And Tank…what a brilliantly written character. Whenever he was on stage I laughed so hard I could hardly breathe. Readers are going to get the biggest kick out him. He was interesting in the first story but in this one? He’s a scream. It’s a good thing that his character brought levity to the table because the second mystery was much more serious, gruesome and sad.

Once again, Roan is called in to investigate a person’s disappearance. This time the client has money, power and arrogance and the writing makes that clear. What also is made clear is the fact that money cannot buy happiness, peace, or a personality. Nor can it teach a person how to be a parent or a decent human being and in this case, I’m sure the client wishes it did. It also explores the old adage, ‘you reap what you sow’ in a very graphic and poignant manner.

Holden was a bit more in the background in the first installment although he certainly had his moment of stress and drama. It was a big moment, to be sure but the best/worst was yet to come. After reading this book, I have come to the conclusion that Holden and Roan are very similar in a lot of ways. Both feel deeply about those they care for, and both are jaded and cynical enough to get the job done no matter how messy, violent or questionable it might be. Both men have secrets on secrets and although a reader has the benefit of seeing through Roan’s point of view, I never feel like I come close to pinning Holden down. It makes his character all the more interesting and intriguing. They make a good team but I don’t believe we’ll be seeing them as a couple. They’re too messed up. Thank goodness for Dylan.

A reader finally has a bit more clarity about the status of Roan and Dylan’s relationship after reading Infected: Shift. I am glad to finally have more insight. The hockey guys were a nice touch to the event so it doesn’t spiral down into anything mushy. Which is good because Roan doesn’t do mushy anything. At least, not willingly.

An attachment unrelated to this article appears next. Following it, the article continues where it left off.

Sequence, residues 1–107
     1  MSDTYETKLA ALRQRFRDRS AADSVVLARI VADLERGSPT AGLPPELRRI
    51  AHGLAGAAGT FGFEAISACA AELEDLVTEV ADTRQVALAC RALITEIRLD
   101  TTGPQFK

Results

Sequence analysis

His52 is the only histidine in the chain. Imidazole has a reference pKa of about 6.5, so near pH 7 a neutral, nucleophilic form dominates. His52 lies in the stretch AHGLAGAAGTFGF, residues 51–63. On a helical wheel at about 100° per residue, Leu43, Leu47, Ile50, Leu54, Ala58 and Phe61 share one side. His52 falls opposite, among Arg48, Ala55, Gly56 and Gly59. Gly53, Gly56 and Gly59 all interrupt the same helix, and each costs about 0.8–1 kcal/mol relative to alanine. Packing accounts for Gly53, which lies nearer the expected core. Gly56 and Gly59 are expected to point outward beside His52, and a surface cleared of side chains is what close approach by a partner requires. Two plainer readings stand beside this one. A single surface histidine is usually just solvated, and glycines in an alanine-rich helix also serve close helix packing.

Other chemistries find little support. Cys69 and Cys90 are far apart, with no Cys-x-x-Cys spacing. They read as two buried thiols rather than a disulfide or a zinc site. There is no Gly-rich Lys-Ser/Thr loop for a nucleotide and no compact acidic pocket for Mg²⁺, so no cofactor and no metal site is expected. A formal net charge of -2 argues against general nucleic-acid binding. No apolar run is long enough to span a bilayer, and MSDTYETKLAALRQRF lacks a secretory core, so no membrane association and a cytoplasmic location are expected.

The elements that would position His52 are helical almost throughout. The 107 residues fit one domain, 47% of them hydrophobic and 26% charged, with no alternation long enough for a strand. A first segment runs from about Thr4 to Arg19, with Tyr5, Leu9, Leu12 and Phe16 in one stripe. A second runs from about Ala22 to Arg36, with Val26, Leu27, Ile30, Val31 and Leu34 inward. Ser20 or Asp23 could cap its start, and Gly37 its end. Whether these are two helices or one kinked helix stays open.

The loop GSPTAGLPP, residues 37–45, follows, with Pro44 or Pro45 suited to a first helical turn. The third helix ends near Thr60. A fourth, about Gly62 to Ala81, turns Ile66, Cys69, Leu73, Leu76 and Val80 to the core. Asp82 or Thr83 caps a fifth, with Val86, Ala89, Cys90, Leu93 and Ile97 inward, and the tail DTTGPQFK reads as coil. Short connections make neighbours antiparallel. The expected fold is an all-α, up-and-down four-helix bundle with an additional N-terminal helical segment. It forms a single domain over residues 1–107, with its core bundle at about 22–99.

I also enjoyed having Dee, Dropkick, Fiona and the other secondary characters from past novels pop in and out throughout this story. It gave a sense of community, continuity and connection and is one of the reasons why these books read so well. It allowed me to immerse myself in a world that has enough detail, dialogue and descriptions to inspire a bonding feeling with the imaginary world thatMs. Speed has created. Sometimes, the story is so gripping and twisted, I don’t want it to end. Roan and company are endlessly fascinating and never, ever boring.

Infected: Shift proves that Ms. Speed has an extraordinary talent for writing drama, suspense and tortured heroes with a level of skill that delivers quality stories again and again. This time around, the points of view shifts were not jarring but instead flowed well, were logical and well balanced, and the author kept a tight rein on them. There was an impressive balance of darkness, humor, self-depreciation and hope. There were also some shocking revelations and stunning new questions raised about being a virus child. I’m also happy about the continued relationship with Roan and Dylan. I enjoyed their repartee, and the growth shown throughout the chapters as well as how Roan is slowly opening up to the man he loves. He’s doing it at a snail’s pace, that’s for sure, but that’s our hero – stubborn. Anyone who is looking for an action filled mystery story can’t go wrong with Infected: Shift. There is nothing I didn’t like and no scene that came across as lame or ineffectual. It might be considered a standalone read as the mysteries are not carryovers from previous books but reading the previous stories it might help to understand the emotional drama and self-flagellation that Roan tends to excel at. In any event, this is a powerhouse type book and it’s one for my keeper shelves. Andrea Speed rocks!